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Upbeat Winter Newsletter

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The holiday season is the perfect time to communicate with your friends and business acquaintances. Just be sure to do it before the year-end rush. The week after Thanksgiving might be good timing.

In this letter I refer to a FastCompany article: "There is a place in the Arizona desert where high-powered professionals search for ways to redesign their out-of-kilter lives. Dan Baker is their guide. Can he guide you on your search?" The place is Canyon Ranch. The article appeared in "FastCompany," July/August 1999, page 120.

I sent a letter of introduction to Dan Baker at Canyon Ranch, and suggested that we work together since there is obvious synergy between our businesses. We spoke twice, and this produced a high-level executive coaching assignment. 

Winter Newsletter

In a time when unemployment is at record lows, and some of our competitors are laying off full-time staff, hiring part-time contract workers, selling their practices, or going out of business altogether, our offices are bustling, revenues are up, and business is booming! Our mission, simply stated, is to bring more success into the lives of everyone we touch. And that's what we do daily, weekly, monthly, yearly—as we have for more than 20 years.

Since 1978, we've worked for more than 225 corporate clients, and we've orchestrated remarkable career advancement for individuals . . . such as mid-to senior-level managers and executives, top professionals, consultants, and entrepreneurs. Our product line includes career counseling, management testing and assessment, 360-degree reviews, executive coaching, performance improvement, teambuilding, executive retention, and outplacement. Just that simple.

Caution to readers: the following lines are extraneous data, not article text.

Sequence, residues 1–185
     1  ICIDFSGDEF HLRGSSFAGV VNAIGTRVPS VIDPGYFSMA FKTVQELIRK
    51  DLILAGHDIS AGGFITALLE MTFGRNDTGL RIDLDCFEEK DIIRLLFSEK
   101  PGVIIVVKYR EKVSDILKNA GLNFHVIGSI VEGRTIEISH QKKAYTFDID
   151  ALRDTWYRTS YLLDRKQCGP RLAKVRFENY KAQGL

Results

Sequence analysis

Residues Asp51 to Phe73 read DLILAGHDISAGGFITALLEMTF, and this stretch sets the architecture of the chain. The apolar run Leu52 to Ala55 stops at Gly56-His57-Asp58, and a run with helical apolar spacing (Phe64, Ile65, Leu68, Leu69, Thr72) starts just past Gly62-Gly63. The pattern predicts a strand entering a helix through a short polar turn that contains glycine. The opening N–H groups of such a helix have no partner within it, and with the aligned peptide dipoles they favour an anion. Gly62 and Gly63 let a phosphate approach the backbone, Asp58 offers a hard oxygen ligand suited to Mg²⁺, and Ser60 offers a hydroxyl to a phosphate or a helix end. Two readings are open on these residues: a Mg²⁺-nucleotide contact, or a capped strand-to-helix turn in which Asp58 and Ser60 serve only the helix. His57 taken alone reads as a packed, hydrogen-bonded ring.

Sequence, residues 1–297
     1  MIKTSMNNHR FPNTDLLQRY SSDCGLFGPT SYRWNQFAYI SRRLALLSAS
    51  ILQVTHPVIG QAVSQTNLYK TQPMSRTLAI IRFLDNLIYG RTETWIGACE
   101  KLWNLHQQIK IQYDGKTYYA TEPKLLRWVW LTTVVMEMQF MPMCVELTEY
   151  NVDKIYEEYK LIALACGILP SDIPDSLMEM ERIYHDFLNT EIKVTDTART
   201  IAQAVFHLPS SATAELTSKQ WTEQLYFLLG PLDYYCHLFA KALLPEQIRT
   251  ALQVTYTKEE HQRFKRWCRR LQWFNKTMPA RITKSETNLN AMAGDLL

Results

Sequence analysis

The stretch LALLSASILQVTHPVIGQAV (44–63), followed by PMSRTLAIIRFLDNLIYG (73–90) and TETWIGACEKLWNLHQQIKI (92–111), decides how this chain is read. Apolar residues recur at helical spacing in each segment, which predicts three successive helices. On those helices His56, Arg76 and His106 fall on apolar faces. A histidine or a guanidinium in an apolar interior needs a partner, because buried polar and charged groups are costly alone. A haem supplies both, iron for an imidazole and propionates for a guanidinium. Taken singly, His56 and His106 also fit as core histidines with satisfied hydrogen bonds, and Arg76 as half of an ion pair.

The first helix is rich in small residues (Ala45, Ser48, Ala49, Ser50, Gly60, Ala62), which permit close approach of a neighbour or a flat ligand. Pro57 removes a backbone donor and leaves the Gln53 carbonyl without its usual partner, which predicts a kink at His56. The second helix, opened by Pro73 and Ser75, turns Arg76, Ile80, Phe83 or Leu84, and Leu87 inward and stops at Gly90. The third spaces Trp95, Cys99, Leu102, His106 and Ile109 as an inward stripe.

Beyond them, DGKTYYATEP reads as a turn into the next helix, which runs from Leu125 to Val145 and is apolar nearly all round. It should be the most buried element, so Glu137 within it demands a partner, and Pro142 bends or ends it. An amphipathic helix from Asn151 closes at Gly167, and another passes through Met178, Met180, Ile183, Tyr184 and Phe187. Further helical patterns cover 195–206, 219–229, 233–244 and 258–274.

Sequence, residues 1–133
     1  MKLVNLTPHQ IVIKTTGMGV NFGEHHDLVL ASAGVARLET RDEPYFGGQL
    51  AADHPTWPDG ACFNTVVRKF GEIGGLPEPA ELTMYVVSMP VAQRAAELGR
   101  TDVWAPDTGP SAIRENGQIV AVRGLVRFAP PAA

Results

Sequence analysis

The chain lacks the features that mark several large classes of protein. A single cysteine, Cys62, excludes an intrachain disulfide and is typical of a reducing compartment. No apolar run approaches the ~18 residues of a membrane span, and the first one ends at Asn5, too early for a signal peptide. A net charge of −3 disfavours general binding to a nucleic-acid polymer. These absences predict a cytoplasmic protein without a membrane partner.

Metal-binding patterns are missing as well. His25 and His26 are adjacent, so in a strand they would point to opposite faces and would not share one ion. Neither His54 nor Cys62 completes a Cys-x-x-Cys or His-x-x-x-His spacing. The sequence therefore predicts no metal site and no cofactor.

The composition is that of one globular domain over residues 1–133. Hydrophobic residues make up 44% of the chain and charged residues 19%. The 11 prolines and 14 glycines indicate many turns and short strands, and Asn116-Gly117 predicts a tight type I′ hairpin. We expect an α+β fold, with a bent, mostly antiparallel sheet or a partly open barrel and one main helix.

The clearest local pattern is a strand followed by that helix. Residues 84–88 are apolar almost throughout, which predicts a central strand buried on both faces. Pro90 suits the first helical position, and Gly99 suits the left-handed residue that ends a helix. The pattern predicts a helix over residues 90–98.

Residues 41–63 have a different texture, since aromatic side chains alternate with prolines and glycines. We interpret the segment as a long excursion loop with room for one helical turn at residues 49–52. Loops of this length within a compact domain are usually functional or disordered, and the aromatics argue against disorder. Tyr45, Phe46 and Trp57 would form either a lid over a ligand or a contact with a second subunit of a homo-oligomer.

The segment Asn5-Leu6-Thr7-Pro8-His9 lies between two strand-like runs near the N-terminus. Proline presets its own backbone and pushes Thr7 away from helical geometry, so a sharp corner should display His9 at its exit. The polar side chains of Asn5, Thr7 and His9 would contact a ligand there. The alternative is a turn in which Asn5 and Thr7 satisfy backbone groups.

Ninety percent of our business is paid for by companies, ten percent by individuals. We don't actively seek individual clients; they come to us by referral. Many clients return repeatedly, as has Bob McElroy. He's establishing an Internet consulting practice now, but when we first met in 19—, I was working out of a 132 square foot bedroom in my house. My how times have changed!


  • A $500,000 senior partner in a law firm conducting a confidential job search
  • An orthopaedic surgeon who hired us to help him find alternatives to clinical medicine
  • The President of a $6 million steel supply company who wants out at any cost
  • A communications VP who wants to secure $10 million to spin off his own company
  • Many consultants launching million-dollar practices.
We're certified to administer The Birkman Method, the leading career assessment tool on the market, and we're "Birking" nearly everyone we meet. More than 1.5 million people in 5,000 organizations have taken the profile-accurate because it compares scores to a database of 500,000 profiles.

The Birkman is like a blood test, x-ray,  CT scan and MRI all rolled into one. It reports on managerial and organizational style, corporate adaptability, work motivation, usual behavior, underlying needs, stress behavior, 20 best and 10 worst job matches. It's incredibly efficient and accurate. It takes about 45 minutes to complete by paper, disk, or on the Internet. At only $695 for a 50-page report, The Birkman is so good I almost consider it malpractice not to use it.